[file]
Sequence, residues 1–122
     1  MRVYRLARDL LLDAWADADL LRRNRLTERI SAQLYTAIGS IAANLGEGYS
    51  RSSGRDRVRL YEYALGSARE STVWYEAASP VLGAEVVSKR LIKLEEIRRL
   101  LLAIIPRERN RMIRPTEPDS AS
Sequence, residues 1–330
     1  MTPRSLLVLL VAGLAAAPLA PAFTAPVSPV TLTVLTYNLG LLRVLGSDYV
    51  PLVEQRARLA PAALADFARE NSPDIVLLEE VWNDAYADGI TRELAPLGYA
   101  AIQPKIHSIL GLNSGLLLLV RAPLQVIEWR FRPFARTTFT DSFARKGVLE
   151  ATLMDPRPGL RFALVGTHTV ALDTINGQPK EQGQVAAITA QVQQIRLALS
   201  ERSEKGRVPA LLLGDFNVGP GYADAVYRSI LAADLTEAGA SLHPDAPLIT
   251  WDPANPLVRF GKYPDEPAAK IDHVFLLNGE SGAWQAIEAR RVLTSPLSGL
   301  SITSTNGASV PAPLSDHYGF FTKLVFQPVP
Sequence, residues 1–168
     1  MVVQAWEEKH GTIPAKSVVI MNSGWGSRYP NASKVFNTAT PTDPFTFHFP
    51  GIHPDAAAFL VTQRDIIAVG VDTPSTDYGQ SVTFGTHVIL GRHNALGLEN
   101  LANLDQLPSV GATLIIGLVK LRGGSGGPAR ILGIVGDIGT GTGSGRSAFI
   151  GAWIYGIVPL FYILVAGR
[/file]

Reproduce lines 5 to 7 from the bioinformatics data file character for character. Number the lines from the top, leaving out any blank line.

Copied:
Sequence, residues 1–330
     1  MTPRSLLVLL VAGLAAAPLA PAFTAPVSPV TLTVLTYNLG LLRVLGSDYV
    51  PLVEQRARLA PAALADFARE NSPDIVLLEE VWNDAYADGI TRELAPLGYA